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Of the 158 Supreme Court nominations sent to the Senate to date, only 12 have been rejected, seven have declined to serve and another 11 nominations have been withdrawn, according to the U.S. Senate Art and History Office. These rejections have been for a variety of reasons including the perception of personal or professional incompetence, inexperience, philosophical positions out of the mainstream of the public and allegations of impropriety. Some justices have had attempts made to discredit them after they have served on the court, while others have been rejected once and later confirmed.
The following are notable Supreme Court nominations throughout this nation’s history:
1789 | John Jay is unanimously confirmed the first chief justice of the Supreme Court due, like many of President George Washington’s first nominees, to his lengthy career in public service and support of the Constitution.
1795 | John Rutledge is nominated by President Washington to replace Chief Justice John Jay as the country’s second chief justice. Prior to his confirmation hearing, Rutledge speaks against the Jay Treaty — covering U.S. dealings with Great Britain — which is endorsed by the Federalist-controlled Senate and signed by President Washington. Rutledge’s views arouse the anger of the Federalist-controlled Senate and calling into question Rutledge’s political judgment — and for some senators, his mental competency. As a result, Rutledge is rejected, 10-14, making it clear that the Senate’s examination of a nominee’s qualifications could extend to his political views.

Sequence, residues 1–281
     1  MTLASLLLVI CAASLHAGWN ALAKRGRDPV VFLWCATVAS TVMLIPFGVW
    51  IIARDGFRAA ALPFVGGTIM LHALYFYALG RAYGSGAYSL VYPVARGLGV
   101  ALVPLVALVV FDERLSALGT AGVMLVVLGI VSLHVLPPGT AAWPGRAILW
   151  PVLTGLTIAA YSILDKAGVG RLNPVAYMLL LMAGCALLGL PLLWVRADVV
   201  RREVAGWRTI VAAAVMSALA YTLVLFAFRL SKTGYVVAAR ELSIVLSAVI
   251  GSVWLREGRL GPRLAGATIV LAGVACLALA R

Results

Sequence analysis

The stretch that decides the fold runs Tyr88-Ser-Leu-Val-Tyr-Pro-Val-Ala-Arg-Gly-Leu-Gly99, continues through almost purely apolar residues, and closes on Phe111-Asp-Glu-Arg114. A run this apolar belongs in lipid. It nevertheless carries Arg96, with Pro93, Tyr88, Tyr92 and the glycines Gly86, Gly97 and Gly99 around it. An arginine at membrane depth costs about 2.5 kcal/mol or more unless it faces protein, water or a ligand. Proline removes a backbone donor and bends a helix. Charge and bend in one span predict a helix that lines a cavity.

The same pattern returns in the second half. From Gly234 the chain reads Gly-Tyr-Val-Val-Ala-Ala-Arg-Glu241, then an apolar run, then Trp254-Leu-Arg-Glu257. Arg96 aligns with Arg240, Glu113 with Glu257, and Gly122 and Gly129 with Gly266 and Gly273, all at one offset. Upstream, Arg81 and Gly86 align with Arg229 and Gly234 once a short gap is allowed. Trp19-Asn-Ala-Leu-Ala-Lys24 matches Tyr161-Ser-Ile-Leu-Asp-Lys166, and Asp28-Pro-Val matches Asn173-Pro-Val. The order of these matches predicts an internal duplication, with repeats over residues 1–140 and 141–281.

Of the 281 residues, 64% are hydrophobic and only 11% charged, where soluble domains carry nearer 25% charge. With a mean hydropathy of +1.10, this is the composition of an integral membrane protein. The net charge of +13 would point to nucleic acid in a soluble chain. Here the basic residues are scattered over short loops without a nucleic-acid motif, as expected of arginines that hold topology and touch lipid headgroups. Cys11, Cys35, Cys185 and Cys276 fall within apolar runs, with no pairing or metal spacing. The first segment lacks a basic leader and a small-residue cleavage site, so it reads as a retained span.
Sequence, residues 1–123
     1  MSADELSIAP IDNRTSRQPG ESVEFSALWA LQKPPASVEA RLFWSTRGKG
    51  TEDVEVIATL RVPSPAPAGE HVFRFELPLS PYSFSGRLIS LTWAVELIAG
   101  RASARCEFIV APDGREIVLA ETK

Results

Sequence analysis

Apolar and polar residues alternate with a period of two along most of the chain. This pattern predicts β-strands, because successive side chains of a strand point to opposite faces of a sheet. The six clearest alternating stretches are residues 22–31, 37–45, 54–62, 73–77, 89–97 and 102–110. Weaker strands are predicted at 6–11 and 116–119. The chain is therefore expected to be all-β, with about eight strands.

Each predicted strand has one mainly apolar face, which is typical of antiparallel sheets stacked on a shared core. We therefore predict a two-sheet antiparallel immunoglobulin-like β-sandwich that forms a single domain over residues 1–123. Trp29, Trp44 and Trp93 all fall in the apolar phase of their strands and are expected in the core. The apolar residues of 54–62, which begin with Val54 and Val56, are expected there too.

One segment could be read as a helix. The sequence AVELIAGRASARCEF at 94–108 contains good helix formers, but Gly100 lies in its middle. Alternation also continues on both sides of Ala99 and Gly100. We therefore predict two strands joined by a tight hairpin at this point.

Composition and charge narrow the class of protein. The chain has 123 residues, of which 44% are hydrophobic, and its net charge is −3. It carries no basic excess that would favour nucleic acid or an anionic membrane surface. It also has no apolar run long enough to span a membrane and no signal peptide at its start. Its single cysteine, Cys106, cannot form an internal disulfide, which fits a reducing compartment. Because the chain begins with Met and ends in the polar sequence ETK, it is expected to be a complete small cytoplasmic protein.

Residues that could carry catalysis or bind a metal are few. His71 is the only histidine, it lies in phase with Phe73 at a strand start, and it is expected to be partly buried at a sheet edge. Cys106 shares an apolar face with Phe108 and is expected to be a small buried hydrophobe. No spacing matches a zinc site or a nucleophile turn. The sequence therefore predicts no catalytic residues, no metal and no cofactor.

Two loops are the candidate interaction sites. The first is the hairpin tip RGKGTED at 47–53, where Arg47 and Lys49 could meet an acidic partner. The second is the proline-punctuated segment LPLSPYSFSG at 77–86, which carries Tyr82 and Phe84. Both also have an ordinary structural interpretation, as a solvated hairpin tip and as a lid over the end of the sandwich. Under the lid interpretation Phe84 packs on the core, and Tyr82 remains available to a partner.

1796 | Samuel Chase is nominated by President Washington and confirmed in one day, due to his history of patriotism and his experience as a state judge. But Chase later falls out of favor for his support of the controversial Alien and Sedition Acts, passed in 1798 by the Federalists to stop foreign interference and silence criticism by the Democratic-Republicans. In 1803, Chase’s political opponents in the House of Representatives draw up impeachment proceedings charging judicial misconduct. Chase becomes the only Supreme Court justice ever to be impeached. However, political supporters in the Senate acquit Chase and he serves eight more years on the court.
1811 | President James Madison’s appointment of Alexander Wolcott holds the dubious distinction of being rejected by the widest majority for a Supreme Court justice nomination. Madison nominates Wolcott based on his Republican leadership in his home state of Connecticut. However, convinced Wolcott lacks appropriate legal training and experience, the Senate rejects his nomination by a 9-24 vote.